Stay on Top of Your Bookkeeping

The importance of organizing your finances year-round can't be overstated for reducing your tax bill. Being able to accurately file and pay your corporate and personal taxes ensures you won't pay fines, penalties, and interest on late payments. It will also make tax season much easier if you have all of your physical and digital records organized. Programs like QuickBooks or other industry-standard accounting software can help you manage tasks all year long so paying quarterly or annual taxes won't slow down your business.

Defer or Accelerate Income

Business revenue and expenses fluctuate wildly from year to year. Some years may even place you in different tax brackets depending on how well your business did in a given year. One way you can manage this turbulence is by deferring or accelerating income. You can delay or fast-track the timeline for sending out invoices and collecting income from your clients to best suit the needs of your taxes. For example, you could delay a large invoice that would otherwise push you past an unwanted tax bracket within a given year.

Utilize COVID-19 Tax Relief

As the pandemic continues, small businesses and sole proprietorships are severely impacted. You or your accountant can research tax relief legislation or provisions that ease financial strain. Some options to consider are:

Families First Coronavirus Response Act (FFCRA)

Under this legislation, employers could offer voluntary leave and collect tax credits for doing so. However, you'll need to ensure you only claim credit for the period during which this legislation was active.

Coronavirus Aid, Relief and Economic Security Act (CARES)

This legislation offers benefits such as the Employee Retention Credit. However, this credit doesn't apply to wages paid after September 30, 2021, in most instances.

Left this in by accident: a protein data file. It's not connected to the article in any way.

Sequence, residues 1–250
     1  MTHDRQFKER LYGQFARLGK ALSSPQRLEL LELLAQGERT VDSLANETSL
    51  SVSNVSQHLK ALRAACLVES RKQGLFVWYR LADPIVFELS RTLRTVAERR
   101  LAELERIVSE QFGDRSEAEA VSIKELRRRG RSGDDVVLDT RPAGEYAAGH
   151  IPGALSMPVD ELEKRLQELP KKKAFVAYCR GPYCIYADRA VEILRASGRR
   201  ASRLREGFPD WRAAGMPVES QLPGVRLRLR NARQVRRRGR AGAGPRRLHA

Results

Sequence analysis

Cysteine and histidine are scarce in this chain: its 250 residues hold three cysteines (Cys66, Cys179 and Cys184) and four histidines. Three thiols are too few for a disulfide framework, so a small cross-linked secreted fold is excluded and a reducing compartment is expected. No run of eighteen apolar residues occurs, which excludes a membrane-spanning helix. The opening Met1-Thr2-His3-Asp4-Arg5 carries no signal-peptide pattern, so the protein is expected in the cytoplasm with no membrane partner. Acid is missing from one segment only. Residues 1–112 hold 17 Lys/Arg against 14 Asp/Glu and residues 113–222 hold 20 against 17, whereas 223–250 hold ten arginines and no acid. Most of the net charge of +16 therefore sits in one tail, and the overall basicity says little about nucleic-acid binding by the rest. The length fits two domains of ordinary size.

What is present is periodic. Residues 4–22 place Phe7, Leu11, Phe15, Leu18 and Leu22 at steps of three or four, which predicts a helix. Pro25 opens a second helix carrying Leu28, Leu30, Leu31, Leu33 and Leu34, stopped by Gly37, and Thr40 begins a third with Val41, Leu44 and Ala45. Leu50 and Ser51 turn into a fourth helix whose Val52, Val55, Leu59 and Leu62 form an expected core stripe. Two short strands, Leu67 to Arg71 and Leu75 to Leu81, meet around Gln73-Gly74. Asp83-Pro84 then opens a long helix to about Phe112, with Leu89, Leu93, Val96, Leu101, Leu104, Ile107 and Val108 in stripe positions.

Coronavirus Response and Relief Supplemental Appropriations Act (CRRSAA)

If your business received Paycheck Protection Program (PPP) loans, those funds and the purchases you made with them may be non-taxable under CRRSAA. Special provisions also apply for educational businesses and businesses with live venues.

American Rescue Plan Act of 2021 (ARPA)

Under ARPA, businesses received expanded access to the Paycheck Protection Program, Economic Injury Disaster Loan advances from the SBA, and Restaurant Revitalization Fund grants. Carefully document any grants or tax-advantaged you may have received to ensure you don't pay the wrong tax amount.

Build Your Small Business Tax Planning Strategies With Schwartz & Associates

COVID-19 and changing government programs can make organizing your business's taxes even more frustrating, on top of the other complications of COVID-19 and running a business in general. Contact Schwartz & Associates today for assistance with your business finances and your 2021 tax filing obligations.

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Rich Schwartz and his CPA firm serve clients throughout Southern New Jersey. Rich has experience working with businesses providing trusted advice, financial solutions, and guidance to help them manage cash flow, plan for the future, and grow their businesses.

Rich has worked with hundreds of businesses across a variety of industries including medical, professional services, financial services, retail, manufacturing, distribution, and real estate. He has the ability to understand the unique challenges facing small business owners and the experience to provide the right solutions.